In the second part, the five step drill, watch Izzo and how many responses he answers with, while Horgan, who only has three years, responds with the same thing over and over. So it's not about rank but watching what experience the person brings to the table.

http://m.youtube.com/watch?v=K1_oEeMKY6c

Boy this is making it sound like I'm starting the Dom Izzo fan club. :lol:

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PostPosted: Thu Aug 22, 2013 10:32 pm 
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Izzo has 13 or so years of training.

Here's another of his videos that shows the experience.

In the first part Danny Horgan looks sloppy but still looks like more than a handful, while Izzo gets hit but maintains much of his structure. Without which I think Horgan would have rolled over him.

In the second part, the five step drill, watch Izzo and how many responses he answers with, while Horgan, who only has three years, responds with the same thing over and over. So it's not about rank but watching what experience the person brings to the table.

http://m.youtube.com/watch?v=K1_oEeMKY6c

Boy this is making it sound like I'm starting the Dom Izzo fan club. :lol:

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PostPosted: Fri Aug 23, 2013 4:06 am 
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Rob Redmonds take on shu ha ri is golden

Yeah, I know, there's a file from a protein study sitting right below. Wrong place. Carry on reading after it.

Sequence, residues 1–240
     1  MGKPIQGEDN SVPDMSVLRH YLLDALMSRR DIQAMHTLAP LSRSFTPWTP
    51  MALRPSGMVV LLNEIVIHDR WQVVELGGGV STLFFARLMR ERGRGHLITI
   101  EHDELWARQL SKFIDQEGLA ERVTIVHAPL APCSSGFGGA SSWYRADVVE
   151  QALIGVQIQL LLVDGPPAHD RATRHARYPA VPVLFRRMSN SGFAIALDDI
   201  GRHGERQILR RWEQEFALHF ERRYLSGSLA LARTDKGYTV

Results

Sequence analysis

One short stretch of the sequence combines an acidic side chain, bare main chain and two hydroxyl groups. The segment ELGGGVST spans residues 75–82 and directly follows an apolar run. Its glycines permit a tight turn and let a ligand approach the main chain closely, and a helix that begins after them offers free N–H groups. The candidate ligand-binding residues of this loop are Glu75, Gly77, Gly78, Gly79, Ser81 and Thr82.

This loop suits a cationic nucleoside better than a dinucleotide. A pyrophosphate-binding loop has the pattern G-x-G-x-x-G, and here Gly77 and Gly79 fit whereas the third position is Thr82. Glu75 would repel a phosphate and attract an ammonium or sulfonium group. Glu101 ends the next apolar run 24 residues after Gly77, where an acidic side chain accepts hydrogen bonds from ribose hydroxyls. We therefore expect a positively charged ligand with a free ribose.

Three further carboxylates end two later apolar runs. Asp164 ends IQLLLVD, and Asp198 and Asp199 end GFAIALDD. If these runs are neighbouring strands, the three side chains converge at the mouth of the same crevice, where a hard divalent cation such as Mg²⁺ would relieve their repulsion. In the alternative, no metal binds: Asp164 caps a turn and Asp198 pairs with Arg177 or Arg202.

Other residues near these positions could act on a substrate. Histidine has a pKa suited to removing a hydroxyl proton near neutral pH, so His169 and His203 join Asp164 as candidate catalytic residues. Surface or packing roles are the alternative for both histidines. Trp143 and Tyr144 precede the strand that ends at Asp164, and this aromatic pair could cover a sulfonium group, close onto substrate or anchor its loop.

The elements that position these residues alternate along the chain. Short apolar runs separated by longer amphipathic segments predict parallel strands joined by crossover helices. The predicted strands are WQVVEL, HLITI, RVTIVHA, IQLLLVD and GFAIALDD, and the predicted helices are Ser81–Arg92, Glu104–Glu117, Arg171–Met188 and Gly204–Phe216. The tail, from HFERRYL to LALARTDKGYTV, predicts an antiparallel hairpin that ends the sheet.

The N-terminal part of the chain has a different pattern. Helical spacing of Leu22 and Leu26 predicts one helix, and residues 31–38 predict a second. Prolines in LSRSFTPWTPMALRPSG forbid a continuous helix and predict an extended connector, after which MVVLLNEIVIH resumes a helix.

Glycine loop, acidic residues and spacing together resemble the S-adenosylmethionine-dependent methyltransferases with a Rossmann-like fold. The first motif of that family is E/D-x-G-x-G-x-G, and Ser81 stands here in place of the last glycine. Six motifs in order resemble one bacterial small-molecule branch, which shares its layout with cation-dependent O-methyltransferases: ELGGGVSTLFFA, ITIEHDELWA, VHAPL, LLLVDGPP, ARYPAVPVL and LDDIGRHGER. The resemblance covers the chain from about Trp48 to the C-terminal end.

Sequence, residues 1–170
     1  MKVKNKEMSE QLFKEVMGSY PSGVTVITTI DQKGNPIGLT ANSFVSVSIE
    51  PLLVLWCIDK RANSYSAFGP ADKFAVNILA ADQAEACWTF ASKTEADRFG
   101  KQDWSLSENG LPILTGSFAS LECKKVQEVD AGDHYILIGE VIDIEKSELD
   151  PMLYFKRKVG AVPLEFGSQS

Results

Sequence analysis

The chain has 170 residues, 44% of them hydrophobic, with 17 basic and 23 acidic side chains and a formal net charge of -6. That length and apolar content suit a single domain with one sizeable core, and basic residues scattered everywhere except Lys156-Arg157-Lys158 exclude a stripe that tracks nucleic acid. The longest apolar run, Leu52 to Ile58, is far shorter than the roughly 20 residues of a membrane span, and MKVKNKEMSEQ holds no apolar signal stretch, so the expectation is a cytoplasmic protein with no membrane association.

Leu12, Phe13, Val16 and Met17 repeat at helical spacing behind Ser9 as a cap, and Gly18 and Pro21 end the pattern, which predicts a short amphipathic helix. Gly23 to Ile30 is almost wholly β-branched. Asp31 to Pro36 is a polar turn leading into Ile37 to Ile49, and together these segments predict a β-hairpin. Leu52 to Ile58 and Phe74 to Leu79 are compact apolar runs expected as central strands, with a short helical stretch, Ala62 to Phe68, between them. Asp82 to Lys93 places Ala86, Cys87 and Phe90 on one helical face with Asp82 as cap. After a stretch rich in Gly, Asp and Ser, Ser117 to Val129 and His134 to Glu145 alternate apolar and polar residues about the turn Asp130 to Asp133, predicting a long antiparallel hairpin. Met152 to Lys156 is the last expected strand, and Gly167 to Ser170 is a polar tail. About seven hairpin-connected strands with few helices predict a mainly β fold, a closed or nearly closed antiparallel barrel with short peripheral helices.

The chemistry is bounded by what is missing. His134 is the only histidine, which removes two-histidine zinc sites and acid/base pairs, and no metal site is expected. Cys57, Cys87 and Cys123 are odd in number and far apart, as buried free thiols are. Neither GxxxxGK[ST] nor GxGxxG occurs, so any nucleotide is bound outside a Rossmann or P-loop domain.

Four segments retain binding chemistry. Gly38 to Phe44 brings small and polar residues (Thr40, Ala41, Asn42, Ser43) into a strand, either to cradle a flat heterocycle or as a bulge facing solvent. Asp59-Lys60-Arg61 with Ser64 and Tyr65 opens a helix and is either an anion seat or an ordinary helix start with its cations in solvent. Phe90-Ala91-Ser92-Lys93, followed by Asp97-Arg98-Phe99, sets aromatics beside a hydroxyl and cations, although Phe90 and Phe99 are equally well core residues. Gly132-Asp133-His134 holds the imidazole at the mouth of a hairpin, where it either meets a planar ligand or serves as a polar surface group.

Quote:
Boy this is making it sound like I'm starting the Dom Izzo fan club. :lol:


I like his take on a lot of levels , fighting form disadvantage is a no brainer , but not that many do it

I wish folks could leave out the superman vs batman discussions though :lol:

I don't think questioning seniors is the real issue with these heresy wars, although it obviously will get you ostracised if you piss folks off , I think the big problem lies with the students who accept everything from a higher rank as gospel , but dismiss knowledge that is not from the official source , when you get real innovation ahead of the curve , the pyramid insists the nails be hammered back down , and sometimes eventually plucked out.

But those that make this stuff work will always find a way to make it work, just there's less of them than most think.


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PostPosted: Fri Aug 23, 2013 2:11 pm 
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I can't say that
I'm very impressed with his Chi Sau, it looks like beginners stuff to me. I remember when I did Tai Chi there was a form of pushing hands called " 9 palaces" it looks a lot like that. With Wing chun, firstly Chi Sau is an exercise, second it has structure. you should be moving from one perfect structure to another. That just looks like slop. Fighting from a disadvantaged position is a good idea, but the way he does it is taken to a nonsense level.he is padding things out that he hasn't been shown , making things up to allow for his own shortcomings.
I think what you are seeing here is someone who hasn't been shown the real deal and is filling in his own blanks......been there,done that :lol: